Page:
I ended up paying about $25 for a universal replacement L-handle lock, commonly used to lock residential garage doors.   That took about 3 days to arrive, and now it looks like it’s always been there:

IMG_1712

With the power of the lamp, which turns night into day…

I never was much of a fan of the 1990’s show Seinfeld.  While I recognized the show’s frequent embrace of utter silliness, I also felt that the show sought truths that didn’t particularly interest me.  So I think I can count the number of episodes I’ve seen most or all of on one hand… or maybe two.

That said, our house lately resembles Kramer’s apartment in The Kenny Roaster episode — one of the few I do know:

We live near the end of a cul-de-sac with a street light at the turn around.  The bulb in that light died sometime in late 2013 or early 2014, and despite multiple attempts on our part to alert the Public Works Department to the problem, nothing was done for a long time.

Last week, the reason for the delay became clear.    The city also announced plans last year to replace the orange sodium-vapor lamps in the lights with bright(!) white LED lamps.   Rather than replace the dead bulb immediately with another orange bulb they would eventually replace, the city waited until our street was scheduled for the LED upgrade and replaced everything.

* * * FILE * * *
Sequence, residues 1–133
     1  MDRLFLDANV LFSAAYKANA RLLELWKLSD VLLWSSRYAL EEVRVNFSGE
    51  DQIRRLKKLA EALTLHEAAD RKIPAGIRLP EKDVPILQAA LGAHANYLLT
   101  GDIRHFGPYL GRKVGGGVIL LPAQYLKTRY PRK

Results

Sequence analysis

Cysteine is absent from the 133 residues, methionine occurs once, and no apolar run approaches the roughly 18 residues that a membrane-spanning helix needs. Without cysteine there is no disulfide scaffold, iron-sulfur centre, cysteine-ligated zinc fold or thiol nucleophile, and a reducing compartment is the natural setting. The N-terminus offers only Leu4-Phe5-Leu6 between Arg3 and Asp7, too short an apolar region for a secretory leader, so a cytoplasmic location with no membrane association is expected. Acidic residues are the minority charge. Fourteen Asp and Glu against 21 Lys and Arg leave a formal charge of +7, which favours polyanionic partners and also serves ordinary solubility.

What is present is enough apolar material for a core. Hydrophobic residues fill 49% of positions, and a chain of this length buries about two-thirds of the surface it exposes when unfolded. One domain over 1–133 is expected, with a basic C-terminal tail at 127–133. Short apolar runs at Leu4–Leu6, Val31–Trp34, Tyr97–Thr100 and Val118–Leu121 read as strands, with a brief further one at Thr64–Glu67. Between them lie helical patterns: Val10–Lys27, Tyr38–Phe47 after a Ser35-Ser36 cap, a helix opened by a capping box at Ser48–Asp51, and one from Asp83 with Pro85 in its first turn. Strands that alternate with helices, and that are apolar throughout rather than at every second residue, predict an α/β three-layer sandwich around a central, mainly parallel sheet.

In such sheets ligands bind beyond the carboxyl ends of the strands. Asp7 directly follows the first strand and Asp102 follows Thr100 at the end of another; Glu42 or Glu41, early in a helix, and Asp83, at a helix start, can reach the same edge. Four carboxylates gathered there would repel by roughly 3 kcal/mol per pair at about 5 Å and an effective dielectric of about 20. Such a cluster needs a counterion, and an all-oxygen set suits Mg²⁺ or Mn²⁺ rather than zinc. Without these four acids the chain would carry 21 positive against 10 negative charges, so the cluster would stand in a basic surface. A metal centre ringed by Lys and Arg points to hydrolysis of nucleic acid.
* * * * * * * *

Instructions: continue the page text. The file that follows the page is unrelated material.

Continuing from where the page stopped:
The change with the new bulb is rather startling, to say the least.   After several years of dull orange light, and then who knows how many months of no light at all, the front of our house is now bathed in bright white light.   There is no need for a night light in either our living room or front bedroom.   Both rooms now appear to be in a perpetual state of blue-white pre-dawn illumination.

Despite some early morning visits from the Peanut, I feel no sense of personal metamorphosis:

Then again, the Peanut is not likely to know where to find counterfeit Russian fur products.

Sometimes You Need Words… Or Know What They Are

One of the problems with having a child with apraxia is that there are no words when they would really help.

Here’s a case point:   The Peanut was out riding a toddler swing in our back yard a few weeks ago.   I was doing a some clean up on our patio, so although I would make sure to give the Peanut a push once in a while… my attention was generally elsewhere.  After he’d been in the swing for better part of an hour, I noticed that the swing had stopped and there was a sour, acid odor in the air.   When walked around to the front of the swing, I saw that the Peanut had vomited all down his front.   I immediately started to clean him (and the swing) up and called to the Missus to get some water in the tub to finish the job.